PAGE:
Canadian Labour Reporter

February 8, 2021

Canadian Labour Reporter is the trusted source of information for labour relations professionals. Published weekly, it features news, details on collective agreements and arbitration summaries to help you stay on top of the changing landscape.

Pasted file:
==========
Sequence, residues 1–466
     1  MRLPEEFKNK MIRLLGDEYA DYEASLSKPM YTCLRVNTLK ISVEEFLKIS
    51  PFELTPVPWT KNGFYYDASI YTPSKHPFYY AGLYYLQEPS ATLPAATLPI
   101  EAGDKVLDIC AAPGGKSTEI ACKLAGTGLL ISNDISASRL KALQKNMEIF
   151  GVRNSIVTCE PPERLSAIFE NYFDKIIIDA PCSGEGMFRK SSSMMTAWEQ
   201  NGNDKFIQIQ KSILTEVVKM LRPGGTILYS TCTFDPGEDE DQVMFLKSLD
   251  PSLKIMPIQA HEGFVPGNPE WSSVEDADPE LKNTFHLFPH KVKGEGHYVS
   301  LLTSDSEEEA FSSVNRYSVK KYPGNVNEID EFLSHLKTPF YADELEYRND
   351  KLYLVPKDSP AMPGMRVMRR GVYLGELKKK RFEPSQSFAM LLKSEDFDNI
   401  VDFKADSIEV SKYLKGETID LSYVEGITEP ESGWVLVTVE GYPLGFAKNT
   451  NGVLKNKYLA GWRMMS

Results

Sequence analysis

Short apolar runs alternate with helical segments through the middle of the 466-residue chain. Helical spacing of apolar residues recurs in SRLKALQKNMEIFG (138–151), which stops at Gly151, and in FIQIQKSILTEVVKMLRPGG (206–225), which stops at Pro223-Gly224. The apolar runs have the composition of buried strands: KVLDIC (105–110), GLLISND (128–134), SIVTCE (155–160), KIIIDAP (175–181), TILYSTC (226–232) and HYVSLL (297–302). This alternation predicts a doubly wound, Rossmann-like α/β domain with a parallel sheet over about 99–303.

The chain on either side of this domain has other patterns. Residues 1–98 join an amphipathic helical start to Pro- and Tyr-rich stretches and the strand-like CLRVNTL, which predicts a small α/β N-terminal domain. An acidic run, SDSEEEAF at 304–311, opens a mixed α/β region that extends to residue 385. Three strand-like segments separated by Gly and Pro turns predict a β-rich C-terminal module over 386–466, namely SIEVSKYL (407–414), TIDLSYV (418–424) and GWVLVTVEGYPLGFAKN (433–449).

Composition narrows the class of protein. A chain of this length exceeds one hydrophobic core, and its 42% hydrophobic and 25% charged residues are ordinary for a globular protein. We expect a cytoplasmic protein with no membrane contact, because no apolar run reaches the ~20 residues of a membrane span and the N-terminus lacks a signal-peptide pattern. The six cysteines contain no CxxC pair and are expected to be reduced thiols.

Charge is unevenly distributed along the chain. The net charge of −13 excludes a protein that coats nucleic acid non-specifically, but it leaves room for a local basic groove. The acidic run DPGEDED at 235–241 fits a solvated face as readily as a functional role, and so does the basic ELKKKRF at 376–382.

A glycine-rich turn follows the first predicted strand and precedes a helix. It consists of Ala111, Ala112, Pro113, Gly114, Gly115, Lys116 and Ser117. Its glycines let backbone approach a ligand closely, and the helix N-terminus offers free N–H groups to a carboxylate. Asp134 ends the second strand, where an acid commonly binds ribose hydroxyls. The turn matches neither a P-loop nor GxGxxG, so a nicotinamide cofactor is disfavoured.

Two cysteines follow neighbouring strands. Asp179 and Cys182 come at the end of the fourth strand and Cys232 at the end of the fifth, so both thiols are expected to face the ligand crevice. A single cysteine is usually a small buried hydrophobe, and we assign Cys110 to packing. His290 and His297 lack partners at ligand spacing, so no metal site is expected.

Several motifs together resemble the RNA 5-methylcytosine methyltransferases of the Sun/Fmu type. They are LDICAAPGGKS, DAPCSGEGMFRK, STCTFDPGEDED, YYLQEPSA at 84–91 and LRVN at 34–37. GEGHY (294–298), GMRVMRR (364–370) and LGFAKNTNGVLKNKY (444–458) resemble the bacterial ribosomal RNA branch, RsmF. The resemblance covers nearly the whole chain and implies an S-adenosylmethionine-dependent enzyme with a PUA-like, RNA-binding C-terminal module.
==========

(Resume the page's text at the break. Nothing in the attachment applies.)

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break?" C left the room and came back in, opened the door wide enough to hit the worker in the back and said "I completely forgot you were in here… you could be dead for all I care." The worker claimed that the incident was "one of many ver- bal and physical attacks I have received from him over the last couple of years inside the male joggers change room, in addition to pushing me in the hallways on multiple occasions, pushing me from behind when I am standing at the photocopier, and pointing his middle finger or swearing at me as he walked by." The worker claimed that he had been a victim of bullying while growing up and C's behaviour made him feel stressed and sick to his stomach. The worker recounted his story to management, adding that C had joked with him in the past but had become "more attacking" over the previous few months. He said he had had enough of the verbal and physical assaults, although he ac- knowledged never having spoken to C about his behaviour. IESO interviewed the worker, C, and other employees. C said he didn't recall the incident, but he said that people often opened the changeroom door wide and exposed people who were chang- ing. When this occurred, he some- times said "Come on. Why are you doing that," but he always apolo- gized if he hit someone with the door. He denied saying the "dead" comment or pushing the worker. C was shocked at the worker's allegations because he thought they were friends, although they hadn't spent as much time togeth- er over the past few years. C also noted that the worker had "issues" at work. Other employees confirmed the joking nature of the change room, the regularity of someone being shouted at to close the door but no one saw C say or do anything inap- propriate. The investigator determined that the worker's account wasn't credible and his allegations of workplace harassment were un- substantiated. The worker didn't accept the findings, but decided to move on as little would be gained by drawing things out. On Feb. 27, 2019, IESO sus- pended the worker for five days for "falsely and maliciously" filing a harassment complaint and claim- ing the other employees collabo- rated to corrupt the investigation. The arbitrator found that the investigation and the conclusion that "whatever conduct may have occurred at various points be- tween C and the [worker], it was done without malice or ill intent on the part of C" was reasonable. However, the arbitrator noted that the worker "is an intense indi- vidual, with a troubled past" who genuinely perceived that what had happened to him was harassment. The arbitrator found that the in- cidents that the worker described likely happened, "but were of such an objectively borderline nature as to escape either the notice or the recollection of the witnesses" though they made a bigger impres- sion on the worker. As a result, there was nothing malicious about the worker's complaint and he be- lieved it was true, said the arbitra- tor. IESO was ordered to rescind the five-day suspension from the worker's record and compensate him for any loss of pay. Reference: Society of United Professionals and Independent Electricity System Operator. M.G. Mitchnick — arbitrator. Richard Charney, Travis Bertrand for employer. Alex St. John, Martin Hastings, Andre Kolompar, Lemann Fung, Andrew Lee, Helen Manning for employee. Dec. 23, 2020. 2020 CarswellOnt 19342 and occasionally reviewed em- ployees' access to the systems. In late 2018, the hospital gen- erated a report revealing that on Sept. 11, 2018, the worker's ac- count accessed a patient inquiry record for another clerical associ- ate who had been a patient in the cardiac care unit. In addition, the worker's account accessed the records of a second clerical asso- ciate twice on Feb. 1, 2018, and a registered nurse's breast screen- ing clinic registration on Feb. 27. The worker explained that she accessed the first colleague's record on Sept. 11 because two nurses asked her to look up the coworker's room number. Al- though hospital administration would have room numbers, she said that was how she always looked them up. She didn't look at any other private health in- formation when she did so, she added. The worker also said that the Feb. 1 access of the second col- league's file was related to the col- league's registration for a consul- tation, but the colleague claimed she had been registered by some- one else. As for the Feb. 27 access of the nurse's breast screening registration, the worker denied doing so and couldn't explain why the report showed that her cre- dentials had been used. The worker mentioned that on rare occasions — about once per year — she came back to her desk after lunch to find that her computer hadn't logged out of the system. She assumed that the sys- tem hadn't shut down properly. She also said that she had discov- ered nurses occasionally using her computer coming back from a break. The hospital believed the worker intentionally violated pa- tient privacy. Since she was a se- nior employee who should have been well-versed in hospital poli- cies, it determined that the mis- conduct was serious enough to warrant termination. The arbitrator found that it was unlikely that anyone else could have logged in with the worker's credentials. The rare occasions when the computer didn't log out properly didn't match up with the frequency of the improper access and the union didn't present any evidence to support the infer- ence that someone else had the worker's credentials, said the ar- bitrator. As for the purposes of the ac- cesses, the arbitrator noted that the worker may have legitimately needed to look up the coworker's room number on Sept. 11, but it was not proper practice to use the Meditech system. The worker denied knowing any other way, but the annual training outlined what was permissible and the sys- tem showed a warning with every login about the need to protect patient privacy. The arbitrator also found that the Feb. 1 access of the colleague's information and the Feb. 27 ac- cess of the nurse's breast screen- ing registration were not "legiti- mate purposes for which she was entitled to access Meditech," since she wasn't in the circle of care. The arbitrator determined that the misconduct was serious, intentional, and risked the hos- pital's trust with patients. Since the worker failed to acknowledge any wrongdoing, the arbitrator agreed that termination was ap- propriate. Reference: TC, Local 419 and William Osler Health Centre. Jesse Nyman — arbitrator. Amanda Hunter for employer. Daniel Anisfeld for employee. Jan. 7, 2021. 2021 CarswellOnt 39 Clerical worker violated personal information policy Five-day suspension for complaint overturned